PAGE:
Hearing impairment is treacherously sneaky. It creeps up on an individual through the years so gradually you scarcely detect it, making it easy to deny or ignore. And then, when you at last recognize the signs and symptoms, you shrug it off as inconvenient and irritating due to the fact that its true effects are hidden.
For up to 48 million Americans that say they experience some level of hearing loss, the repercussions are significantly greater than merely aggravation and frustration.1 Here are 8 reasons why untreated hearing loss is much more dangerous than you may assume:
1. Link to Dementia and Alzheimer’s disease
A report from Johns Hopkins University and the National Institute on Aging indicates that people with hearing loss are substantially more susceptible to develop dementia, including Alzheimer’s disease, when compared with people who retain their ability to hear.2
Although the reason for the link is ultimately undetermined, scientists think that hearing loss and dementia may share a common pathology, or that several years of straining the brain to hear could result in harm. An additional explanation is that hearing loss commonly leads to social solitude — a chief risk factor for dementia.
No matter what the cause, restoring hearing might be the best prevention, which includes the use of hearing aids.
2. Depression and social isolation
Investigators from the National Institute on Deafness and Other Communication Disorders (NIDCD), part of the National Institutes of Health, have shown a strong connection between hearing damage and depression among American adults of all ages and races.3
3. Not hearing alerts to danger
Car horns, ambulance and law enforcement sirens, and fire alarms all are specifically created to notify you to possible danger. If you miss out on these signals, you put yourself at an elevated risk of injury.
4. Memory impairment and mental decline
Investigations indicate that individuals with hearing loss endure a 40% larger rate of decline in cognitive ability in contrast to individuals with normal hearing.4 The lead author of the study, Frank R. Lin, MD, PhD, of Johns Hopkins University, stated that “going forward for the next 30 or 40 years that from a public health perspective, there’s nothing more important than cognitive decline and dementia as the population ages.” that is the reason why growing awareness as to the link between hearing loss and cognitive decline is Dr. Lin’s foremost concern.
5. Lowered household income
In a review of more than 40,000 households performed by the Better Hearing Institute, hearing loss was discovered to adversely impact household income up to $12,000 annually, dependent on the measure of hearing loss.5 individuals who wore hearing aids, however, reduced this impact by 50%.
The ability to communicate in the workplace is critical to job performance and promotion. The fact is, communication skills are always ranked as the number one job-related skill-set targeted by managers and the top factor for promotion.
6. Auditory deprivation – use it or lose it
In regard to the human body, “use it or lose it” is a slogan to live by. For example, if we don’t use our muscles, they atrophy or reduce in size as time passes, and we end up losing strength. It’s only through physical exercise and repeated use that we can recoup our physical strength.
The equivalent phenomenon pertains to hearing: as our hearing weakens, we get ensnared in a descending spiral that only gets worse. This is recognized as auditory deprivation, and a multiplying body of research is strengthening the “hearing atrophy” that can happen with hearing loss.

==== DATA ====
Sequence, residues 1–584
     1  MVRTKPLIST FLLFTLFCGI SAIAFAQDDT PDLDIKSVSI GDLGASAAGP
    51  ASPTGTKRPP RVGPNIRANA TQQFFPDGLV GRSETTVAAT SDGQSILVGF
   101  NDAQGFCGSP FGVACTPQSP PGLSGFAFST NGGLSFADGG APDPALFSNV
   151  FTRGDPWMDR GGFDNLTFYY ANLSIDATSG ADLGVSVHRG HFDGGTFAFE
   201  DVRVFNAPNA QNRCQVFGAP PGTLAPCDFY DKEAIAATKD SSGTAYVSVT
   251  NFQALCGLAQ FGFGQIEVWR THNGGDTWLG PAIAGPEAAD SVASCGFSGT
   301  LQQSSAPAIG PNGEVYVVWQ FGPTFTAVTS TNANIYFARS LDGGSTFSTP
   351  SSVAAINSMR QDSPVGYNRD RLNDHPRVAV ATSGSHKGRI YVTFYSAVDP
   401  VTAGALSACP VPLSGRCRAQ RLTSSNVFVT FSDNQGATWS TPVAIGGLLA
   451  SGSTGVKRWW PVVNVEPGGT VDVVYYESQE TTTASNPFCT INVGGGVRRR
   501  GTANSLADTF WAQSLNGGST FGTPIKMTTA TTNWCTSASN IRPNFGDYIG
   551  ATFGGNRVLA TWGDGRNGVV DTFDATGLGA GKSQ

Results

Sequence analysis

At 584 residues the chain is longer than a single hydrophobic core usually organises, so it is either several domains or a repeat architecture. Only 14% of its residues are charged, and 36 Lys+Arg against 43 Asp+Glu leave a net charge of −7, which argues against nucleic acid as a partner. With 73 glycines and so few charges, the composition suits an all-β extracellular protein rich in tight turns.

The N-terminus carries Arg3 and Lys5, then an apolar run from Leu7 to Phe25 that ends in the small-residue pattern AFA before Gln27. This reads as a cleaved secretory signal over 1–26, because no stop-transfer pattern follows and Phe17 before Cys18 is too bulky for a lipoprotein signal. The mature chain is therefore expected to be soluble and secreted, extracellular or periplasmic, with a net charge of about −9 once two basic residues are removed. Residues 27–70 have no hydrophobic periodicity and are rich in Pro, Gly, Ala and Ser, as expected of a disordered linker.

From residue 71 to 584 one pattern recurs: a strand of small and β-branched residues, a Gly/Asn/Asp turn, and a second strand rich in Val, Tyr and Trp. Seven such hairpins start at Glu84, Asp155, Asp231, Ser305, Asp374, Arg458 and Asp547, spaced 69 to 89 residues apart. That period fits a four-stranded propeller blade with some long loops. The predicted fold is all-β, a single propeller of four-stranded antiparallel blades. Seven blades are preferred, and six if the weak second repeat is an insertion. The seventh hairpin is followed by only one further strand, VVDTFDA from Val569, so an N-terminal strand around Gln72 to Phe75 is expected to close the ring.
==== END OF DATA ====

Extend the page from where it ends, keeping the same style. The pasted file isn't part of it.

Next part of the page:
7. Underlying medical conditions
Despite the fact that the most common cause of hearing loss is associated with age and lasting exposure to loud sound, hearing loss is once in a while the symptom of a more serious, underlying medical condition. Potential ailments include:
- Cardiovascular disease, high blood pressure, and diabetes
- Otosclerosis – the hardening of the middle ear bones
- Ménière’s disease – a disease of the inner ear affecting hearing and balance
- Traumatic injuries
- Infections, earwax buildup, or blockages from foreign objects
- Medications – there are more than 200 medications and chemicals that are known to cause hearing and balance problems
Because of the seriousness of some of the ailments, it is vital that any hearing loss is promptly assessed.
8. Increased risk of falls
Research has exposed a variety of connections between hearing loss and dangerous diseases like dementia, Alzheimer’s disease, depression, and anxiety. An additional study conducted by investigators at Johns Hopkins University has discovered yet another disheartening connection: the link between hearing loss and the risk of falls.6
The research reveals that people with a 25-decibel hearing loss, categorized as mild, were just about three times more likely to have a track record of falling. And for every added 10-decibels of hearing loss, the probability of falling increased by 1.4 times.
Don’t wait to get your hearing tested
The optimistic side to all of this pessimistic research is the suggestion that protecting or repairing your hearing can help to lessen or eliminate these risks completely. For those that now have normal hearing, it is more critical than ever to look after it. And for everyone suffering with hearing loss, it’s vital to seek the help of a hearing specialist as soon as possible.
- Hearing Loss Association of America: Basic Facts About Hearing Loss
- Johns Hopkins Medicine: Hearing Loss and Dementia Linked in Study
- National Institute on Deafness and Other Communication Disorders: NIDCD Researchers Find Strong Link between Hearing Loss and Depression in Adults
- Medscape: Hearing Loss Linked to Cognitive Decline, Impairment
- Better Hearing Institute: The Impact of Untreated Hearing Loss on Household Income
- Johns Hopkins Medicine: Hearing Loss Linked to Three-Fold Risk of Falling